In response to increasing capacity limitations, several of the state- and privately owned ports that provide access to the Black Sea are beginning to receive funding for expansion and development of container and bulk cargo facilities. For example, Russia's First Deputy Prime Minister Sergei Ivanov and Transport Minister Igor Levitin recently announced a comprehensive modernization program for their country's Black Sea ports. The program envisions doubling the ports' export capacities and reducing the amount of Russian cargo transiting neighboring countries.

Ukraine has a major expansion of the port of Ilyichevsk slated for completion in 2019. The project includes renovation of existing berths, acquisition of new cargo handling equipment, and dredging. Similarly, Odessa plans to build a new container terminal with annual capacity of 600,000 to 700,000 TEUs. Meanwhile, Romania's Constanza port is increasing storage space and handling equipment at its container terminal.

The Black Sea region has long hosted feeder services from hub ports in Turkey or Malta, but direct vessel calls are becoming increasingly common. The Grand Alliance, which includes several shipping lines, operates a weekly container service from Asia that calls at Constanza and Odessa. Additionally, France's CMACGM upgraded its Asia-Black Sea service with direct calls at Constanza, Ilyichevsk, and Odessa.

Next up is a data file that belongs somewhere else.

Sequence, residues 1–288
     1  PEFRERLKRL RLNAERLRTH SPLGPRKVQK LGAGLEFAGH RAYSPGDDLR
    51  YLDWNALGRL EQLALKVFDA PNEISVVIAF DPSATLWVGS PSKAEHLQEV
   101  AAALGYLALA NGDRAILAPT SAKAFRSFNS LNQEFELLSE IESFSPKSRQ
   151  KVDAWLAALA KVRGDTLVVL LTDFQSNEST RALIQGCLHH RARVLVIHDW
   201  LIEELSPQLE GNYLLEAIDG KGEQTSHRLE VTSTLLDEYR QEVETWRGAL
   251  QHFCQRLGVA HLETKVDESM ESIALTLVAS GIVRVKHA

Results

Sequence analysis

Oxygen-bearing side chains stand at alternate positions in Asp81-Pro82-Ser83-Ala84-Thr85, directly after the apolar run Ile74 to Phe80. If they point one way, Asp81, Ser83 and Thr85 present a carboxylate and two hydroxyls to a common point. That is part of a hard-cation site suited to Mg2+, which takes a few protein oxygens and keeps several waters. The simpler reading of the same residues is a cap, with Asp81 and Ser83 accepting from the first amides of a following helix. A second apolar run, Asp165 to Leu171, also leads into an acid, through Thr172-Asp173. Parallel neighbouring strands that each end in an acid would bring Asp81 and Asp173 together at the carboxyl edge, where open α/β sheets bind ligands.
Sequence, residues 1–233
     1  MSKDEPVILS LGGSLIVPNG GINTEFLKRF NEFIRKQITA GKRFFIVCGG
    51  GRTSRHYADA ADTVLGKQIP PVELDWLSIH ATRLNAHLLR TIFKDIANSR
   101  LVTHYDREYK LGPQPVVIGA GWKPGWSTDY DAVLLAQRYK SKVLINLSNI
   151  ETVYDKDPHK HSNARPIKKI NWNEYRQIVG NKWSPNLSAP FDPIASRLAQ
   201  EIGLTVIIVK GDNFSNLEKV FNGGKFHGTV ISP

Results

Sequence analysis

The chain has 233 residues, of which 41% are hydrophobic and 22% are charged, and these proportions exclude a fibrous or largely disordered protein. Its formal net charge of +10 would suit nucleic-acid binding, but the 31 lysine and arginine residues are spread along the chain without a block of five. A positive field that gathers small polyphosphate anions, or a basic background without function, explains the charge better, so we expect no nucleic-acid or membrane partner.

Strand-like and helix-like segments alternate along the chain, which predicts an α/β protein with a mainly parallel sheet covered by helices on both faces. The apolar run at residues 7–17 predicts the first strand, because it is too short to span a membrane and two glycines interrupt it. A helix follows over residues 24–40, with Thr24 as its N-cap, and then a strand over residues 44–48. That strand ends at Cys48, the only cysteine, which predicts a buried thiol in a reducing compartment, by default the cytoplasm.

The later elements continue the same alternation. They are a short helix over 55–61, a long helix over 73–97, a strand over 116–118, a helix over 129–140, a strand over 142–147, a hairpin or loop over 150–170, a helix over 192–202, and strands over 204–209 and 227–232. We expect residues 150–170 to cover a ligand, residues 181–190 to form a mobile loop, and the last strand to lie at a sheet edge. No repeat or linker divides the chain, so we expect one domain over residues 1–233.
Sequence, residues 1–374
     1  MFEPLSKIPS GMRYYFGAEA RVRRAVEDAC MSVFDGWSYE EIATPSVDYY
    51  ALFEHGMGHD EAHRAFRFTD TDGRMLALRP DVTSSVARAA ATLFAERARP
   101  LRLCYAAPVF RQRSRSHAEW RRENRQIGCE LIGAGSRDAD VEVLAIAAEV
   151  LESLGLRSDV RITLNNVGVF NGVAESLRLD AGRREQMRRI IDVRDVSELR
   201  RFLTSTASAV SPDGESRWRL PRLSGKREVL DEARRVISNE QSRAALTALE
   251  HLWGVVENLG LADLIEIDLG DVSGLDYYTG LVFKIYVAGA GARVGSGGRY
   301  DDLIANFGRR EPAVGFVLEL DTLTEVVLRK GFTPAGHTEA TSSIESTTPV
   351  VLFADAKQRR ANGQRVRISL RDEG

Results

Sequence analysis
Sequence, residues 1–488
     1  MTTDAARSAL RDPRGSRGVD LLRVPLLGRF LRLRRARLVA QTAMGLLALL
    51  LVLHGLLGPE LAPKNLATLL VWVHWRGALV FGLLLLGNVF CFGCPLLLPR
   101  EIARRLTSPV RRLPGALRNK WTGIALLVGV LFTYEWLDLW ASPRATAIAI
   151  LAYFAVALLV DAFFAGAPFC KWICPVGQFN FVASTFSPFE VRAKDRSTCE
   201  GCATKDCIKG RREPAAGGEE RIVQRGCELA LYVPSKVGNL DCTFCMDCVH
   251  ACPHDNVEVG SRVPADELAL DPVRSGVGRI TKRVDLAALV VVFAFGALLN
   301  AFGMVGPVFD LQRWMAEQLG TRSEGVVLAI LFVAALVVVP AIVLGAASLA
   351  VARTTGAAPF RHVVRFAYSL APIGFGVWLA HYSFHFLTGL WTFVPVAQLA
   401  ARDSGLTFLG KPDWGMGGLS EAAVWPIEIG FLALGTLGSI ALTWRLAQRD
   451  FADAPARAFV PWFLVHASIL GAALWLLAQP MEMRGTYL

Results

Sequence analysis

What we're witnessing in the Black Sea trade is growth that stems from a combination of economic forces. Trade demand is growing along with the Black Sea nations' economies; at the same time, insufficient port capacity in the Baltic Sea is forcing cargo to find other gateways to the Russian market. Taken together, they've led to increased demand for Black Sea shipping services. If this trend continues—and there's every indication that it will—we will likely see improved facilities, better hinterland connections, and the emergence in Black Sea nations of companies and facilities to handle freight traffic more efficiently.

Maria L.C. Bertram is international trade consultant for Global Insight (www.globalinsight.com), which provides consulting services, data, and forecasts for more than 200 countries and many industries. Global Insight's trade & transportation practice specializes in consulting, data, forecasts, and analysis for global trade and transportation trends.